My dear friend Gary Lord is in the process of writing yet another book for Northlight. This one is on murals and will feature step by steps of a wide variety of mural projects. Taking a different approach, he has asked many different people in the industry to contribute projects, including me! Now, even though I wrote a book for Northlight myself back in 2000 called Trompe L’oeil Murals Using Stencils, I don’t consider myself a muralist. I actually much prefer 2-dimensional design and composing with patterns and textures. SO, I chose to do something quite simple and graphic (plus, I procrastinated and was really squeezed for time!)
I have long wanted to develop these classic Japanese Cranes into Modello patterns, so this was the perfect opportunity! For the book project, I used the Floral Lattice stencil from Royal Design Studio, but we changed it up a bit for the new Modello Panels that we are offering. I troweled Lustestone, a metallic plaster material, over a gold metallic basecoat that had been rolled on pieces of Roclon canvas, so these could be hung from rods or simply wallpaper pasted to the wall. I was quite pleased with the way they turned out! The book will be available next Spring.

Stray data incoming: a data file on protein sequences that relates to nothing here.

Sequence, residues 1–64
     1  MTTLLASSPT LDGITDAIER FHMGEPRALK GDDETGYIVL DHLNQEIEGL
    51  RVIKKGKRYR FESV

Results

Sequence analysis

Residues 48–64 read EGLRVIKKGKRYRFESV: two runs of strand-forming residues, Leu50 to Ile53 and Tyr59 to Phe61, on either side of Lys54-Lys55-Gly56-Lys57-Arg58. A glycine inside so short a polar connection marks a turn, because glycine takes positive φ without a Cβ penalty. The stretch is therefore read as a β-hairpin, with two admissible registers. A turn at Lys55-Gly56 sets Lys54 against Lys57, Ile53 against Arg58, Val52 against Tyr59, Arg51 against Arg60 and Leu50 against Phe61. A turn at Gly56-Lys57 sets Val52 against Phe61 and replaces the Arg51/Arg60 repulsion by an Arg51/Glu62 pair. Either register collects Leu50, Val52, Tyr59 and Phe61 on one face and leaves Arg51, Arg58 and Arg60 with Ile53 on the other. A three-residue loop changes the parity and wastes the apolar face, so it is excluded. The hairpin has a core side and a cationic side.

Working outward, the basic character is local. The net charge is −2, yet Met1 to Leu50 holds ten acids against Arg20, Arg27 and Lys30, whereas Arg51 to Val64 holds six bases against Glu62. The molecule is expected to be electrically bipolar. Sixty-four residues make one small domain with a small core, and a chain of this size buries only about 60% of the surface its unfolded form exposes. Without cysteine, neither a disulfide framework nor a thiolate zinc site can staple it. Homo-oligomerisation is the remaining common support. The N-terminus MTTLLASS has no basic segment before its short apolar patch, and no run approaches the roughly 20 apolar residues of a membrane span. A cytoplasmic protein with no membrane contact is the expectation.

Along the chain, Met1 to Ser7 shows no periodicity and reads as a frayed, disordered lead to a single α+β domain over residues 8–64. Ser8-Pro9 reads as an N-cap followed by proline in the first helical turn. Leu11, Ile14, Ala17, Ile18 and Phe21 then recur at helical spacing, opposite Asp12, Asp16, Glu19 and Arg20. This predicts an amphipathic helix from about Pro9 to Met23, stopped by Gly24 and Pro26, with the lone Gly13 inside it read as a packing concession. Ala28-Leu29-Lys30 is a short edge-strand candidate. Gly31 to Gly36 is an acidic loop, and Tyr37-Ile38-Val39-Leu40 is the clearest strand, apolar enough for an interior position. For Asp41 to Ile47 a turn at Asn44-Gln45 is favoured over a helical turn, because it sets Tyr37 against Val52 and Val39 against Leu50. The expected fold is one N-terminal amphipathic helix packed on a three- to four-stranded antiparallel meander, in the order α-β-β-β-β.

April 11th, 2007
When in Florence, Alison is going to take me to visit the Florentine silk factory and showroom of Antico Sertificio Fiorentino to get some inspiration for one of the wall finishes we will be doing in her studio. Fabric-inspired finishes, using stencils with paint, glaze, plasters, metallics or a combination of all of the above are some of my favorite wall treatments to both design and execute. I love to wrap a room with elegant allover pattern that looks as if it’s been aged over time. It’s a very “livable” look. Some of my favorite fabric inspirations over the years have come from the fabrics of the famed Mariano Fortuny.
His highly guarded secret methods have been attempted to be copied over the years by many, but no one has been able to equal the look of authentic antiquity. The factory now has been moved to an island location off the coast of Venice, and there is a Fortuny museum in that town.
April 3rd, 2007
I wrote about my upcoming trip to Italy on the Art of Living blog, but wanted to talk a bit more about the project here. I am going to Rome and on to Florence next week to sort out the details of a trip that Gary Lord and I are hosting for a group of students next October.